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Fed Hits Wells Fargo With Penalty For 'Widespread Consumer Abuses'


The departing chair of the Federal Reserve had a busy last day. Janet Yellen was about to turn over her desk on Friday when her agency hit Wells Fargo with some of the toughest penalties the Fed has ever imposed on a bank. Wells Fargo faces continuing accusations of abuse ever since customers were given checking accounts and credit cards that they never asked for. We should note that Wells Fargo is a sponsor of some NPR programming. Let's dive in with NPR's Chris Arnold, who's been covering this story. Hey there, Chris.


INSKEEP: So what exactly did the Fed do to Wells?

ARNOLD: Well, what it did was pretty remarkable, I think. Wells Fargo is, of course, one of the biggest banks in the country, and the Fed has said, you cannot grow any larger as a bank. We are capping your growth, clipping your wings here until you put the right reforms in place, reforms that we think are strong enough to make sure that this kind of thing never happens again.

INSKEEP: Which seems understandable because part of the way that Wells seemed to be growing was by bogus - bogus deals.

ARNOLD: Right, right, like sales incentives that were - everybody admits were kind of ridiculous and it was sort of this artificial growth based on, you know, fraud at the branch level, basically. So the Fed's flexing its muscles here in a new way and bringing the hammer down, basically, on Wells. As part of this, too, the bank has agreed to remove four board members.

INSKEEP: Wow. And so how would Wells Fargo then prove that they've cleaned up their act and that they're in a position to grow again?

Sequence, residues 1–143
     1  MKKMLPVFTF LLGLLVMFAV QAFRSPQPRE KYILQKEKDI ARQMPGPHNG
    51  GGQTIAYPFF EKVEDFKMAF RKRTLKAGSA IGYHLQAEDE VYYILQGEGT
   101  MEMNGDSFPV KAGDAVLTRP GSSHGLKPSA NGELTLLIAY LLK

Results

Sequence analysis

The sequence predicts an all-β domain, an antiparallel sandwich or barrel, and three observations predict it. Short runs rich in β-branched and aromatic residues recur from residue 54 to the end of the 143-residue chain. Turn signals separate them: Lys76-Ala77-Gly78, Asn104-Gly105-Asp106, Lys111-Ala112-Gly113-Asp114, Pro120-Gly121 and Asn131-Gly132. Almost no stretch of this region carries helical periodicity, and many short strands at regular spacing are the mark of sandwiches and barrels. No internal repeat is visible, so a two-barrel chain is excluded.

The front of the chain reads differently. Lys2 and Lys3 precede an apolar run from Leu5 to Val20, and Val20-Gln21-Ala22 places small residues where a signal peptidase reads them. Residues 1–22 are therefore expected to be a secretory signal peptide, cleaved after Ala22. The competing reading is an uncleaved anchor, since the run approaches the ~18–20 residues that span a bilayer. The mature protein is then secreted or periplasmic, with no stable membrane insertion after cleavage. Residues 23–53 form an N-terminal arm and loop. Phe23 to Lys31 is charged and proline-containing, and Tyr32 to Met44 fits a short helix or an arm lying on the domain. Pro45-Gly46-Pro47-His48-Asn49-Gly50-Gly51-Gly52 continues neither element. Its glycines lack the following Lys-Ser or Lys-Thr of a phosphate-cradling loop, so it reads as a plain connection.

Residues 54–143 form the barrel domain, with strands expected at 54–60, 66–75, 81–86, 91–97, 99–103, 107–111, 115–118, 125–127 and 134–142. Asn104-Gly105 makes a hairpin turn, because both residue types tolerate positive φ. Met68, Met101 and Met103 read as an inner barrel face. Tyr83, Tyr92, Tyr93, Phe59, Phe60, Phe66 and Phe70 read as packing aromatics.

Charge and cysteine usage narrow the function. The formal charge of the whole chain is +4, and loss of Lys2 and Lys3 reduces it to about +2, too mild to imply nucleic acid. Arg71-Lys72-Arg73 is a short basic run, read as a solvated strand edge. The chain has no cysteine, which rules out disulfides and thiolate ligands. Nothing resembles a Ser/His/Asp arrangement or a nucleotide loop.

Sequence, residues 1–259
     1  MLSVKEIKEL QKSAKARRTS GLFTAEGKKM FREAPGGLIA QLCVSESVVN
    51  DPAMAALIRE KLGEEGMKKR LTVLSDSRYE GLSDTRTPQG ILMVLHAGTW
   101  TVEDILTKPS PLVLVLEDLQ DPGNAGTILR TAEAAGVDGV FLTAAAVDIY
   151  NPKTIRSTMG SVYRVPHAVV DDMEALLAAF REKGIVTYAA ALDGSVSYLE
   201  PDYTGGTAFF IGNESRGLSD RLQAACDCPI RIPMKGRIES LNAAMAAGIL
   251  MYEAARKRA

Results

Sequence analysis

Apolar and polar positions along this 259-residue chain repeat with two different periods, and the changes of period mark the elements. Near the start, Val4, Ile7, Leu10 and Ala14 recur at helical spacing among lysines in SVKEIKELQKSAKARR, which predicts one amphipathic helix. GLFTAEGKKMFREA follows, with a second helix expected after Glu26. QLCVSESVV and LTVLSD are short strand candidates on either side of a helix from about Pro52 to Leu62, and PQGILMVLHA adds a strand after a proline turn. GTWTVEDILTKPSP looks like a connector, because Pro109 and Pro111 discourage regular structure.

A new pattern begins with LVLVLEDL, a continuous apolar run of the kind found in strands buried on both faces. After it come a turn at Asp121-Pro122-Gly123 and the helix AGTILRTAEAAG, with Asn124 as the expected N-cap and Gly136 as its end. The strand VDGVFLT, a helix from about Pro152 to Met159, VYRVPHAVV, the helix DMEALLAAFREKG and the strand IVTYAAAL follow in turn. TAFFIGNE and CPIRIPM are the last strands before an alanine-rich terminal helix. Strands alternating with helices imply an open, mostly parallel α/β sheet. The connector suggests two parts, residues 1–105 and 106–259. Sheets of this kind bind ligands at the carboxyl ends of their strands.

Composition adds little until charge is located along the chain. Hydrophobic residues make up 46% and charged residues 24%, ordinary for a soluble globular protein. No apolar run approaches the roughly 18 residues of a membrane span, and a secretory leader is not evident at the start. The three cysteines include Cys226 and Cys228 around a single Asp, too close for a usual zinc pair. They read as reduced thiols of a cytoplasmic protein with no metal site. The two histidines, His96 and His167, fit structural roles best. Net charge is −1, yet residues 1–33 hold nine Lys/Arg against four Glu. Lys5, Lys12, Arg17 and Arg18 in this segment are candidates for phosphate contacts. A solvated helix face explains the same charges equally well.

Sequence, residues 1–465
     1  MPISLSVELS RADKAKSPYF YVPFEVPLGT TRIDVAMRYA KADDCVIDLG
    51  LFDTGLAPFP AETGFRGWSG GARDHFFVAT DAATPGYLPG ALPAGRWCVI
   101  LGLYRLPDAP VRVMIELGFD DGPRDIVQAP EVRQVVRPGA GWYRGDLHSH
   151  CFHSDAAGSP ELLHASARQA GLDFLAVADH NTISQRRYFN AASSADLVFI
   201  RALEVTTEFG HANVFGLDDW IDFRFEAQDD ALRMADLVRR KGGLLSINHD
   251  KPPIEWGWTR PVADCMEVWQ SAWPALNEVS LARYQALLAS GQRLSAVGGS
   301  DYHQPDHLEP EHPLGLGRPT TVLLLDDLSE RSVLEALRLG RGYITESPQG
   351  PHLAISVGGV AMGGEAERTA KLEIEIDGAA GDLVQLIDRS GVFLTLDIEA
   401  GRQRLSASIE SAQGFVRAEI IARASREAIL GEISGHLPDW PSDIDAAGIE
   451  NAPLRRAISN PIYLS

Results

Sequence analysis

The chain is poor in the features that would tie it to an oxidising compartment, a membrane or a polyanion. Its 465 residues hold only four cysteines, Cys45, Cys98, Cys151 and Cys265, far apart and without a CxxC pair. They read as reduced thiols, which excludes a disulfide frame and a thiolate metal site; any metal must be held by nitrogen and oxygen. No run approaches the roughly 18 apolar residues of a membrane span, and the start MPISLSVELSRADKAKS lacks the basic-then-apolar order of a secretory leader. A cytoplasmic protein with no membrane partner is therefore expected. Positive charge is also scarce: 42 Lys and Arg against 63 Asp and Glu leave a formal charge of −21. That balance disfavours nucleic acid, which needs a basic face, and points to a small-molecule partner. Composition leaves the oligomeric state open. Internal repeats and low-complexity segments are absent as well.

ARNOLD: Well, that remains unclear exactly what they're going to do. But they are going to send a reform plan to the Fed within two months. They're also going to submit to an independent third-party review, so there's going to be lots of paperwork and lots of details to follow, I'm sure.

INSKEEP: You do wonder if Janet Yellen did this on her final day because of questions about whether the new management would do the same thing. Doesn't the new Fed chair, Jerome Powell, have somewhat closer ties to the financial industry?

ARNOLD: Yeah. He comes out of the private equity world but - and it is true. Janet Yellen did care about this issue. We have some tape of her here. This is her speaking late last year at a press conference.


JANET YELLEN: I consider the behavior of Wells Fargo towards its customers to have been egregious and unacceptable. We are committed to taking the actions we regard as necessary and appropriate to make sure that the right set of the controls are in place in that organization.

ARNOLD: But it's also true, Steve, that this is not just Yellen's issue. And this is important - both Janet Yellen and Jerome Powell both voted to impose these penalties. So other Fed officials all the way to the top wanted to take action. I talked to Mike Calhoun with the Center for Responsible Lending. He's also on this unpaid advisory council to Wells Fargo or to the Wells Fargo board. He says this action by the Fed sends a message across the country to the entire industry.

MICHAEL CALHOUN: The Fed is making it clear in this order the boards who are legally responsible for how companies operate cannot simply be passive.

ARNOLD: He's saying they need to be more aggressive, ferret out problems and make sure that these safeguards are in place.

INSKEEP: OK. Does Wells Fargo say they're going to be doing that?

ARNOLD: Well, Wells Fargo says they're cooperating. They don't have much choice, of course, but to say that - the bank also says, though, look, this original scandal was more than a year ago. We've been taking lots of steps to reform the bank. We're on the right path here.

INSKEEP: OK. Chris, thanks very much, always a pleasure talking with you.

ARNOLD: Thanks, Steve.

INSKEEP: That's NPR's Chris Arnold on the aftermath of a Federal Reserve order limiting the growth of Wells Fargo.

(SOUNDBITE OF DJ BABU'S "ROCKCHUUCH") Transcript provided by NPR, Copyright NPR.

NPR correspondent Chris Arnold is based in Boston. His reports are heard regularly on NPR's award-winning newsmagazines Morning Edition, All Things Considered, and Weekend Edition. He joined NPR in 1996 and was based in San Francisco before moving to Boston in 2001.